The Republic debate in the Ipswich Workers Club

10th October 1999 - Commentary by Scott Balson (left)

It was a beautiful spring day. I was collected from my Karana Downs home by Heather and Ken Hill who drove me into Ipswich.

The Ipswich Workers Club is in an old, somewhat dilapidated building near the city centre and opposite the Ipswich railway station. The hall in which the debate was to take place was large and airy - covered with hundreds of bright green plastic chairs facing a large raised podium on which the speakers would debate the Republic.

Those involved in the debate included Senator Len Harris (No); Cheryl Kernot - Labor MP for Dixon (Yes); Ipswich Cr Paul Tully (No for this model) and Mary Kelly - University of Queensland equal opportunity officer (Yes and more)

(Tully was the individual who I caught with the now infamous "Bitch from Ipswich" pic - during coverage of the launch of One Nation on the Gold Coast in 1997)

Before the debate started I was able to take these informal pictures of the participants. (Will One Nation take Kernot next - if she wanted another move? Apparently the answer from Pauline Hanson is a firm "NO"!)...  suggested title for image of Kernot smiling at camera second from left "Don't know who this guy taking the pic is but what a photo-opportunity!" (Read: he could be with Packer or Murdoch!)

The editor of The Australian, Campbell Reid,  (right) introduced the speakers and told the, less than 100 audience, that the debate would be held in a set format. Cheryl Kernot would give the "Yes" case followed by Senator Harris with the "No" case. They would then ask each other one question with questions then following from the floor. A tea break would follow then Mary Kelly would give her view followed by Cr Paul Tully with the question format as with the earlier session.

Reid mentioned that The Australian's editorial view was that the Republic should go ahead - he was, of course, parroting the view of his lord and master Lachlan Murdoch.

Cheryl Kernot's speech:

Cheryl Kernot spoke in glowing terms about the Republic while not giving details or supporting her feel-good comments with any facts. She was floored on a number of occasions by Harris when he asked her to comment on certain points in the proposed changes to the Constitution - asking at one stage for him to explain what it was all about.

By the end of the session she looked less than happy and presented the image of someone who did not really want to be there.

During the debate someone asked her about her views on the Labor party - she gave a cryptic response saying that she could not speak but was gathering "incidents" for a yet to be published "book" - which I would suggest implies that the Labor party should view their star recruit with some concern.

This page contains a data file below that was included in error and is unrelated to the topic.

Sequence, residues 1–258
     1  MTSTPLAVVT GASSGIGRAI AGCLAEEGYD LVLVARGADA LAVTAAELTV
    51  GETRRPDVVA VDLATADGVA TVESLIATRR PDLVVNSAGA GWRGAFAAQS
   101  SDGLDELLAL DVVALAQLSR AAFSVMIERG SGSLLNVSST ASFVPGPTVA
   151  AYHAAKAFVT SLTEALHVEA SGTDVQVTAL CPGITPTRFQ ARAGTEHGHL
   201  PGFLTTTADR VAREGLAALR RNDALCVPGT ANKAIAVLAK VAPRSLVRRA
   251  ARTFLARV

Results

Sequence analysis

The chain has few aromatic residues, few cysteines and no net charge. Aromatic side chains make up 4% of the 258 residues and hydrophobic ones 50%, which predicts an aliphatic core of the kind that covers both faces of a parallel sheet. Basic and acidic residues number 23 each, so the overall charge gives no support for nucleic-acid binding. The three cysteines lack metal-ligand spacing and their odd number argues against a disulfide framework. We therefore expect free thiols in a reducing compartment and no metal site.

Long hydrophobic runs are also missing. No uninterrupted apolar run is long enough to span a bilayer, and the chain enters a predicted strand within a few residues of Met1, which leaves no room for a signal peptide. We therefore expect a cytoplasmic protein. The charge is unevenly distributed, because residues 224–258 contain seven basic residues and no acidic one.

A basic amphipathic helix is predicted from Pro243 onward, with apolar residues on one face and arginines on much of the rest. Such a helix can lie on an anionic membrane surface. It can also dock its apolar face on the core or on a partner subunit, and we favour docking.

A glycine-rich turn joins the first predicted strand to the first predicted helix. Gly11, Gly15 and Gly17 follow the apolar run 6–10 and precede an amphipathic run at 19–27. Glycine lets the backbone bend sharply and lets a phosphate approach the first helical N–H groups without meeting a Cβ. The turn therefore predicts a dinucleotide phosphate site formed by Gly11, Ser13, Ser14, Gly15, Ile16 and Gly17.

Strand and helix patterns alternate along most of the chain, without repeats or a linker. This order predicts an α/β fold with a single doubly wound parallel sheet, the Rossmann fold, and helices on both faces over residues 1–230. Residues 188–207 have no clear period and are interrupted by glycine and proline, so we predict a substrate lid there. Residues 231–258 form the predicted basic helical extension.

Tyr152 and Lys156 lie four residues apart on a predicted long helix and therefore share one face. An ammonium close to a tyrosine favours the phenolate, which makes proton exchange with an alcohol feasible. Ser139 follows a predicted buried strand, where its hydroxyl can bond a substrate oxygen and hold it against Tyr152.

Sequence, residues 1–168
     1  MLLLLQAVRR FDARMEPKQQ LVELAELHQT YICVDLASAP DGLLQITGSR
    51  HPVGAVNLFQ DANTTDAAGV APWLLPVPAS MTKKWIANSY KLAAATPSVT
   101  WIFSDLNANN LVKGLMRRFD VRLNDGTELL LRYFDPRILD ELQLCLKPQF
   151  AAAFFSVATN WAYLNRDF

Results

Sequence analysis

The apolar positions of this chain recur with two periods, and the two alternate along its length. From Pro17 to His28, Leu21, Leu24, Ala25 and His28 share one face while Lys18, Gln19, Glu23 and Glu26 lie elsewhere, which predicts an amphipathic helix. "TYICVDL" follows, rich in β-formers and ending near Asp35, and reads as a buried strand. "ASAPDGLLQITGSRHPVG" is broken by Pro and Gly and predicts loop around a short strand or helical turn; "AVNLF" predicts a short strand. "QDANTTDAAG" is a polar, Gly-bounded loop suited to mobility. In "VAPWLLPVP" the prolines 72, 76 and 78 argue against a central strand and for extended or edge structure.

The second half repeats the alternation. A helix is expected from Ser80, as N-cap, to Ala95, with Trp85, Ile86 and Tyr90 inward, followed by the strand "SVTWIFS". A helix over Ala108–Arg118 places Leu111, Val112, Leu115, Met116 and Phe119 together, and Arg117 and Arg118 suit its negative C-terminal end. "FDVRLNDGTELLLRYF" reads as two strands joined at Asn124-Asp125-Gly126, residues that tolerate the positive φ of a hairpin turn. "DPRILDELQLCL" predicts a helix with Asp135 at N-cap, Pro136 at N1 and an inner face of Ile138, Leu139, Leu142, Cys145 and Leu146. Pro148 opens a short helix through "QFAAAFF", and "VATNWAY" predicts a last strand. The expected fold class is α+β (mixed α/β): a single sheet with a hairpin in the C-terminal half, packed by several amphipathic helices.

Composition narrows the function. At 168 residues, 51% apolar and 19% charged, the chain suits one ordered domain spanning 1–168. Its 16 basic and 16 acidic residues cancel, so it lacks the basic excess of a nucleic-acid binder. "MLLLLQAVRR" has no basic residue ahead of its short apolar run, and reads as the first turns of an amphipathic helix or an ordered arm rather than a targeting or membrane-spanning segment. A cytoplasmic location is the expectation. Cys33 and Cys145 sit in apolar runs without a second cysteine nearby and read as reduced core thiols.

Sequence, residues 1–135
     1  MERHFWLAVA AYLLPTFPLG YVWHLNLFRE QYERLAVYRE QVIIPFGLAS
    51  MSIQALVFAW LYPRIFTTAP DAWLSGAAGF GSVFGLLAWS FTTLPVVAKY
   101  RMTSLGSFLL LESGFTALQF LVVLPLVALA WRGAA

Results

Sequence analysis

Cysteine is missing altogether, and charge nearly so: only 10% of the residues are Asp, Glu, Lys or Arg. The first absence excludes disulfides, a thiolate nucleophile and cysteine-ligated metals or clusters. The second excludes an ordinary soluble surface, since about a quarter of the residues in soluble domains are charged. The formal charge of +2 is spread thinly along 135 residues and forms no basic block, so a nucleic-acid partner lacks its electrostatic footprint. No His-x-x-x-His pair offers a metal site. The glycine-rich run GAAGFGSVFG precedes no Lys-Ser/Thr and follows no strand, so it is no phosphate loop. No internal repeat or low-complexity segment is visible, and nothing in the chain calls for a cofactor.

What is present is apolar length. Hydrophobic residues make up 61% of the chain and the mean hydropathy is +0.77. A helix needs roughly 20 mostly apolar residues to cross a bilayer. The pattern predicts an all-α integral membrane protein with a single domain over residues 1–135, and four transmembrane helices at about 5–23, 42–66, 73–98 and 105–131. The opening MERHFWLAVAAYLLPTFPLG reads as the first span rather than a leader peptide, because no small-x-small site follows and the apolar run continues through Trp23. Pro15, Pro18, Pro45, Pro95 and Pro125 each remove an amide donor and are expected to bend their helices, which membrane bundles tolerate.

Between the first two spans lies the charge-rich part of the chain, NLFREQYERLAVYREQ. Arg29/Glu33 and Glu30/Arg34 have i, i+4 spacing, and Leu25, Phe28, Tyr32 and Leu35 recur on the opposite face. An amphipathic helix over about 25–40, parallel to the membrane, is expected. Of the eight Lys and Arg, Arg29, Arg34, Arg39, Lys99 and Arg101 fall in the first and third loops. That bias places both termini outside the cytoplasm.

Kernot said that the Republic model would present no risk to our Parliamentary or Democratic process.

She said that the process was accountable and open - claiming that the current system is not accountable.

She said that the people should trust the politicians to behave systematically in moving Australia towards a "democracy".

"All we are doing is putting in an Australian head of state. Creating a President creates a different dynamic."

In supporting the model in which the Parliament select the President she said that it would cost a lot of money to run as a national candidate. Only the major parties could afford it so you would more than likely get an ex-politician as President if that was the option going before the people. Sir William Dean, for example would not put his name up if the people selected the president - he would make an excellent President, she claimed.

The Constitution is broken she said - we should not be afraid to challenge authority.

"What has been the British Monarchy's connection with this country in the last few years?" she asked.

The Queen is a remote and distant figure... at this stage there was interference over the mike and the editor of The Australian scurried around trying to get the problem fixed. Once fixed Kernot continued:

"The days of Colonial empires are gone. Australians no longer have unqualified affection for the Royal family. Embracing the "YES" vote is one of the most exciting ways to start the next century.

Senator Len Harris' speech:

Harris impressed the audience with his knowledge of the Constitution, the proposed changes and the impact that they would have. He was a willing, technical and eager participant in the debate.

Harris said that the changes will be written into the Constitution. The power will be removed from the people (as it is now) and handed over to Canberra.

"What is more important is the rights of the people," Harris said.

The Republicans are going to change things that they are not willing to talk about, Harris claimed. In rebutting Kernot's comment about the 100 year old Constitution being out of date he referred to the American Constitution which is 200 years old and still as valid today as then.

He referred to the power of the High Court when it proclaimed Britain a foreign power during the Hill case.

"It is the role of the judiciary to administer, not interpret, the laws that are developed by Parliament," he said. Why are we having this push for a Republic he asked - the new Constitution officially recognises the role of the Prime Minister and the opposition - something which the old Constitution did not. Our politicians should be renamed representatives of the people... The member who represents you in Ipswich should have the same rights as the member for Bennelong (John Howard) - and these powers should not be based on the whim of the party machine - as they are now.

With the politicians selecting a President the man will always be politicised through the role of the party machine.

Harris said that we don't know how our common law rights will be affected if we become a Republic.

He talked about freehold tenure over land claiming that both the government and opposition recognise that the only thing saving your land from native title claims is the tenure of the Crown. Noel Pearson is on the record as saying that. In other words if we become a Republic we remove the protection of the Crown and freehold land would be subject to native title claims.